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Theatre Review: The Game’s Afoot @ Madame Tussauds

22nd July 2016
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★★★

Your inner super-sleuth is about to unleash itself – underneath the (let’s not pretend otherwise) ever so slightly creepy tourist trap that is Madame Tussauds.

As it turns out, Marie Tussuad’s 19th Century ode to waxy weirdness is the perfect location for an immersive underground detective story, in which we delve right into the (fatally stabbed) heart of seedy Victorian London.

Based on the cultural trope of Sherlock Holmes rather than any specific story – because knowing whodunit  because you’ve read the book would give the game away – groups of around 25 people set about to individually unravel the case in the absence of the famous detective himself.

Armed with a map and a unique clue to start them on their sleuthing mission, the audience follows a route (think London Dungeon) around Sherlock’s dark streets, seedy bars and Baker Street Underground station. Along the way, we interview suspects in our violent triple murder and try and work out which is our ultimate culprit.

The glamorous yet morally questionably actress, the perambulating bookseller who might know more than she lets on, the drunken playwright, the mild-mannered chemist, the seedy dock worker who’s might be keeping London in stock of its favourite vice – at no point is it obvious which of the five suspects is the one we should we wary of. This, of course, is testament to the actors, whose improvisation skills are the bedrock on which the production is built.

Olivier-nominated Les Enfants Terribles, the geniuses behind last year’s sold out Alice’s Adventures Underground, are at the helm, and they do a great job in creating a hugely intricate production where the devil really is in the minute detail.

From the Victorian side street we first find ourselves on to the closing seconds when we finally encounter Dr Watson in Holmes’ office, the whole experience is massively fun – like an immersive version of Cluedo, with everything coming together beautifully in the (possibly quite unexpected, depending on how good your detective skills are) conclusion.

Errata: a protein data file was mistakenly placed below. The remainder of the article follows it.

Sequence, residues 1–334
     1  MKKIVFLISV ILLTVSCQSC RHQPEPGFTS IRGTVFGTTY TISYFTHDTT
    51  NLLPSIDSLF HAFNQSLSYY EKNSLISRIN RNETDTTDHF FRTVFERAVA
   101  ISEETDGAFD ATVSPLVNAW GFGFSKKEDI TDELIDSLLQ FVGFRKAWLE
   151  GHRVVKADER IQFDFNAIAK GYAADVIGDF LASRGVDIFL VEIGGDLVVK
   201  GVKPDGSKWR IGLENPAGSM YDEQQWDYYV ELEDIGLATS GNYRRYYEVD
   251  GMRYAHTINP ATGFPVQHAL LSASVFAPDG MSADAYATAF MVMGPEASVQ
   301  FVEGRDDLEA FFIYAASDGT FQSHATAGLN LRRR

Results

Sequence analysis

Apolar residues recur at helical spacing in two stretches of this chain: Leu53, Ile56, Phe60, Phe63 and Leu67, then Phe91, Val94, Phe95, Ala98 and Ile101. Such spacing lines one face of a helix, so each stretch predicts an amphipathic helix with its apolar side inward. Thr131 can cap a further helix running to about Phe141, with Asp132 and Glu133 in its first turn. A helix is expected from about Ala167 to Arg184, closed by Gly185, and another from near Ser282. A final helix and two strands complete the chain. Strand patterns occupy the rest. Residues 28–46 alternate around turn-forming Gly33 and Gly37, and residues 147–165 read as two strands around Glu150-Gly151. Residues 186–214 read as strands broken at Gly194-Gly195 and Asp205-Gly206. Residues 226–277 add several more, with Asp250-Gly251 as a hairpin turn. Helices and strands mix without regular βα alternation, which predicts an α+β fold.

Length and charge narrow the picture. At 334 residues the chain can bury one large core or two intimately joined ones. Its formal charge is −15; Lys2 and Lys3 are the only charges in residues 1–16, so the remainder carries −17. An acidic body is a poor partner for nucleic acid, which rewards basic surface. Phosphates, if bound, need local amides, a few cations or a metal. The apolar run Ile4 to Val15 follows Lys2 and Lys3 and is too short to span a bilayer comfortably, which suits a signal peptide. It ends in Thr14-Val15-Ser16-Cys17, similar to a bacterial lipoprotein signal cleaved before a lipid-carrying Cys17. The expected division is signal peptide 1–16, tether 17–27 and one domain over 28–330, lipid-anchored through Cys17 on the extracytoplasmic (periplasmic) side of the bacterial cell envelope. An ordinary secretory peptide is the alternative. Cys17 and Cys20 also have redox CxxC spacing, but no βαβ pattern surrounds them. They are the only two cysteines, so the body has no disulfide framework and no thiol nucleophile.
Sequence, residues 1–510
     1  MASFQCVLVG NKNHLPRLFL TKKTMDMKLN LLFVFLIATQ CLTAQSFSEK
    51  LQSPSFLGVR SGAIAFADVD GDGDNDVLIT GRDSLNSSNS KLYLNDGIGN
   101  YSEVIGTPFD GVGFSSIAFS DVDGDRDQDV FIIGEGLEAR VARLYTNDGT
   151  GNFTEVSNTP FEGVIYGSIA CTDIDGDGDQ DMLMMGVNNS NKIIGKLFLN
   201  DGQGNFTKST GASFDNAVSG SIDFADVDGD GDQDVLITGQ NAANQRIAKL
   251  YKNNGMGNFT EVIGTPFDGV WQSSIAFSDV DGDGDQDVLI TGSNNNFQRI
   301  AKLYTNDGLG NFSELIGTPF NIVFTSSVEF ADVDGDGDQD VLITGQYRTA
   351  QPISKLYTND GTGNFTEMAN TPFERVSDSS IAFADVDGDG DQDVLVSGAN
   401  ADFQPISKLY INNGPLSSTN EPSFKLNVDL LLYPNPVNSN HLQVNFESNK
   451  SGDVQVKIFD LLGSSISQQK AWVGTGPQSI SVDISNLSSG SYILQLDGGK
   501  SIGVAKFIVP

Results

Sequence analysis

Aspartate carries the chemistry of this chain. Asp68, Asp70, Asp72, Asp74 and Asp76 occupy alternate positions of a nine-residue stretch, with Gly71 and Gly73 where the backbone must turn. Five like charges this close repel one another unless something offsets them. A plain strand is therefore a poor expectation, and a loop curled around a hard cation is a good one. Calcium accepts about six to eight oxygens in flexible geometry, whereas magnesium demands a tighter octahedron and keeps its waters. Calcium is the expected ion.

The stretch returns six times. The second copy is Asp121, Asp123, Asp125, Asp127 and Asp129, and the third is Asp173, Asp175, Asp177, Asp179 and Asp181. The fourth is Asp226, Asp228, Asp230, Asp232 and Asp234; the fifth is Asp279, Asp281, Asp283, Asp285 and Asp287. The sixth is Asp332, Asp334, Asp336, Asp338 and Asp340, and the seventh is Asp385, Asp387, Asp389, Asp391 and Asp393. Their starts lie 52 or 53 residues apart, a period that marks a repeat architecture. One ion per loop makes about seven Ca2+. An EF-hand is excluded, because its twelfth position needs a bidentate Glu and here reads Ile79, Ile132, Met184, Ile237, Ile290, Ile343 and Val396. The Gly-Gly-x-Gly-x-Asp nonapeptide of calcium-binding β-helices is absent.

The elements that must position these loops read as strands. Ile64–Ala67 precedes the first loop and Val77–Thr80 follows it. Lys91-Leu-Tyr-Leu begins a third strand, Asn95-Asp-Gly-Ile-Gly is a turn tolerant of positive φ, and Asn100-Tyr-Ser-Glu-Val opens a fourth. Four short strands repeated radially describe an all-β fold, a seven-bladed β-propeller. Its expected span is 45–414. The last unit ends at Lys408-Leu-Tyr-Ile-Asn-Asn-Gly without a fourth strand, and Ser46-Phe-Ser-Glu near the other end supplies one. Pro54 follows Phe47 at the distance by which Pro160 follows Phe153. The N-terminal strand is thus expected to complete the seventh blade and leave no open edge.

There are two versions of The Game’s Afoot, with a different mystery to solve in each – so if you find yourself itching for a second crack at solving a very murky crime, you can always go back next week to try the second story for size.

The experience would benefit from being slightly longer – at 65 minutes, there is just enough time to start building a theory before the bells start chiming and we are made to declare our suspect.

Full disclosure: we didn’t crack it, although we did get tantalisingly close. But that doesn’t mean you won’t, Sherlock.

But then, maybe that we come tantalisingly close to solving the mystery but miss out at the last moment is completely deliberate. It would certainly back up the long-held notion that it is Sherlock Holmes – and only Sherlock Holmes – that can really unravel the mystery.

The Game’s Afoot, produced by Les Enfants Terribles, is being performed at Madame Tussauds, London NW1, in a strictly limited run until Friday 30th September. Tickets are available here.

 




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